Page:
Of all the ways the White House has received special treatment during this pandemic—the gatherings, the low mask use, and the experimental treatments—jumping the vaccine line might seem like the most privileged. But strangely, it could be the only one of these moves to help the rest of us—if the president can be persuaded to cooperate.
On Sunday, Bloomberg and The New York Times reported the Pfizer-BioNTech vaccine will be offered as soon as Monday to President Trump and those working closely with him. The primary reason cited was national security, to keep key officials in the White House working as the United States sees an unprecedented surge in cases and deaths. This would mean the White House goes ahead of many medical providers, first responders, and nursing homes in getting early doses of the much-anticipated Covid-19 vaccine.
President Trump’s Twitter account immediately pushed back against the reporting. “People working in the White House should receive the vaccine somewhat later in the program, unless specifically necessary,” he tweeted. “I have asked that this adjustment be made. I am not scheduled to take the vaccine, but look forward to doing so at the appropriate time. Thank you!”
Health experts on Twitter quickly pointed out that, technically, the vaccine is contraindicated for President Trump and his close circle: The Pfizer-BioNTech vaccine was not tested in people who received convalescent plasma or monoclonal antibodies, as Trump did two months ago and others have done since then. The antibodies could spur an unanticipated response to the vaccine, so the Centers for Disease Control and Prevention recommends waiting at least three months after the treatment to get the shots.
But there was another reason cited for vaccinating the White House on Sunday. “The American people should have confidence that they are receiving the same safe and effective vaccine as senior officials of the United States government on the advice of public health professionals and national security leadership,” National Security Council spokesman John Ullyot said in a statement before Trump announced he would delay his vaccination. In terms of building public trust, some health experts agree the benefits of Trump publicly receiving the vaccine could outweigh the potential downfalls.
“I am honestly thrilled to hear this news,” Dr. Megan Ranney, an associate professor of emergency medicine and public health at Brown University, told me by email, in the brief period Sunday evening when it looked like Trump would be vaccinated. “I have been calling for months for the executive branch to model essential public health behaviors, such as mask-wearing and avoiding indoor get-togethers.”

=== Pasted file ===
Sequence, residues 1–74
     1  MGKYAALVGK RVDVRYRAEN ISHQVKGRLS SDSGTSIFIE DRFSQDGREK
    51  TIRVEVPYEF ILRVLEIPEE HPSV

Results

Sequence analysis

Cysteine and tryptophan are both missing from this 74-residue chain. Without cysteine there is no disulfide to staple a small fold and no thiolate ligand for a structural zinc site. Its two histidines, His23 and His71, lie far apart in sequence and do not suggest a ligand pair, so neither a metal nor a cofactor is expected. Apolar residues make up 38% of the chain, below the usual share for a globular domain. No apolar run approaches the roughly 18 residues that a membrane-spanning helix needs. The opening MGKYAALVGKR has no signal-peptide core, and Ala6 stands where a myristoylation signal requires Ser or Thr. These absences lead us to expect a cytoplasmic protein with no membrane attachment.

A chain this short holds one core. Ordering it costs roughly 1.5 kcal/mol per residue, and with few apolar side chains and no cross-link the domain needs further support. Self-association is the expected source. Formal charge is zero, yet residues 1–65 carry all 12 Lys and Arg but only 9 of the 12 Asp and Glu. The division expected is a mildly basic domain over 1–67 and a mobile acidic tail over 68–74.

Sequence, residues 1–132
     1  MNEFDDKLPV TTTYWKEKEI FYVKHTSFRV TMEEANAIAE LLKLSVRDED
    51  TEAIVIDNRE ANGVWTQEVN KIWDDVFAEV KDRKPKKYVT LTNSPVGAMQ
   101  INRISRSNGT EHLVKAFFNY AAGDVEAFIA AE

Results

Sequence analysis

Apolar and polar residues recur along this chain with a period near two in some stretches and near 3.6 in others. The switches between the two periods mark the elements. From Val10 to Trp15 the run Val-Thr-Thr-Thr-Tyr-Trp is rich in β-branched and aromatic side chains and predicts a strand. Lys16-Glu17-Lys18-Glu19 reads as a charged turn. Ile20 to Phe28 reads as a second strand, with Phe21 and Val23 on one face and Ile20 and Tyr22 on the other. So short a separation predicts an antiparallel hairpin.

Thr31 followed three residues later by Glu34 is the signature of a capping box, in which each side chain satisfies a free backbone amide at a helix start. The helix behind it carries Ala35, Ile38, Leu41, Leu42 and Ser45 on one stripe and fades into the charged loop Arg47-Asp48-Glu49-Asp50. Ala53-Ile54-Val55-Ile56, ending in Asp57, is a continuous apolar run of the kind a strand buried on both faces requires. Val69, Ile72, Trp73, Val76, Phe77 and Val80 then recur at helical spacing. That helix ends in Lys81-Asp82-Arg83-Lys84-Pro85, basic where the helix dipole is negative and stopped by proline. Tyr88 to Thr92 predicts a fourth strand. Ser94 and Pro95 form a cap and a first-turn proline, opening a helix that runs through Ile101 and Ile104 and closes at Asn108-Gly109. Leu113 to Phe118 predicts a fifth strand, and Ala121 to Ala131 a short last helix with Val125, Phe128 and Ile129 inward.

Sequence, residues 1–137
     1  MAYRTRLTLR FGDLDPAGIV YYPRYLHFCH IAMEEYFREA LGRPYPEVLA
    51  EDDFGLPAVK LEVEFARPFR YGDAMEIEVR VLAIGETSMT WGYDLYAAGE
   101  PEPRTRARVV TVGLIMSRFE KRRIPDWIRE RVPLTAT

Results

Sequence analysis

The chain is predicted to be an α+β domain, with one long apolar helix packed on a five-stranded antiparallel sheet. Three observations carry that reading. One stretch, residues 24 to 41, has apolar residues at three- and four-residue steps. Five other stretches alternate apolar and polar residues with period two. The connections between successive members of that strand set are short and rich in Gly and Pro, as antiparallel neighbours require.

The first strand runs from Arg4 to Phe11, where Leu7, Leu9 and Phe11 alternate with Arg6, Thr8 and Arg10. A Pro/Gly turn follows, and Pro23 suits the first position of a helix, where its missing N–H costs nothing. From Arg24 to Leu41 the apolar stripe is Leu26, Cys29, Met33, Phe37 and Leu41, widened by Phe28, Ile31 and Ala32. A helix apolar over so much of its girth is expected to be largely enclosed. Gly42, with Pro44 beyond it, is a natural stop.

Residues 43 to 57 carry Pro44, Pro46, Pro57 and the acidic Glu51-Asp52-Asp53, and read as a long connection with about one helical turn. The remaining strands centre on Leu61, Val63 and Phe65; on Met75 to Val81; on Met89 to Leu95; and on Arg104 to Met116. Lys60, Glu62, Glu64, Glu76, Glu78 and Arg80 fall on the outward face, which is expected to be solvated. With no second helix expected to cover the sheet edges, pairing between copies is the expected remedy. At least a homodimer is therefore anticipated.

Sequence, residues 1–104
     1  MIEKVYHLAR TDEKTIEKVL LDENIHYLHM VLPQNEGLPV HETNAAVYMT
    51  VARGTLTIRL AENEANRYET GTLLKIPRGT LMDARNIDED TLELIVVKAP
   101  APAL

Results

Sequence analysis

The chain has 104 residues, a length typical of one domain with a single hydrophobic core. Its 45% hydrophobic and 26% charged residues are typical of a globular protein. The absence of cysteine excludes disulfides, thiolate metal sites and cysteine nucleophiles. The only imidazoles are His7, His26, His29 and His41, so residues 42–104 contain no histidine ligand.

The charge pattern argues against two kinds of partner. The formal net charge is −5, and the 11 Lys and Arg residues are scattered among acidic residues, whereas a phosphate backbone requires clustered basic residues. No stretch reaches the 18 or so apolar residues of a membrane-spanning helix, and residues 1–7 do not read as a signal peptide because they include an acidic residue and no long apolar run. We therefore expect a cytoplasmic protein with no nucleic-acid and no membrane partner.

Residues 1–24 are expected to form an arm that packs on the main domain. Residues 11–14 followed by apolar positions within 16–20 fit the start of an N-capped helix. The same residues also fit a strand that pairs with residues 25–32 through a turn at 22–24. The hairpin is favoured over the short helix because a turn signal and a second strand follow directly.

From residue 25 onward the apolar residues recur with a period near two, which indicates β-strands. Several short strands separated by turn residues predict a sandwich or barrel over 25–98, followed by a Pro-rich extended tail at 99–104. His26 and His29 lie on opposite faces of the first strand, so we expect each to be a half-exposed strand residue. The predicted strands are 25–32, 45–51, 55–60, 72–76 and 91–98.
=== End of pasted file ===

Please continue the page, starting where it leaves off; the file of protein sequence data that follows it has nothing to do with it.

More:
The most recent polls suggest only 60 percent of people in the U.S. would get a vaccine if it were offered to them today. That’s not enough for society to reap the full benefits of a vaccination drive. Having highly visible public figures receive the vaccine, however, helps the public realize the importance and safety of becoming immunized. Past presidents, including Bill Clinton, George W. Bush and Barack Obama, have pledged to receive the shots publicly. And the partisan gap between those planning to be vaccinated is wide—69 percent of Democrats versus 50 percent of Republicans. Trump’s publicized vaccination could go a long way toward reassuring his supporters and others who have hesitated over the speed at which the vaccines have been produced.
The benefits of consequential public figures leading by example are worth giving up a few shots that would have gone to health workers and other vulnerable people, Ranney said. “As many of us have said for a while: If Trump would just wear a mask, we’d see compliance and infection rates change dramatically. The same is true for the vaccine,” she said. That doesn’t mean all wealthy and powerful people should cut ahead of the rest of us, though. “Far more concerning would be other powerful Americans, such as sports figures and business owners, jumping the line,” Ranney said. “If it isn’t for a major P.R. push, it’s not appropriate to divert large numbers of vaccines from those at risk to those with money or power.”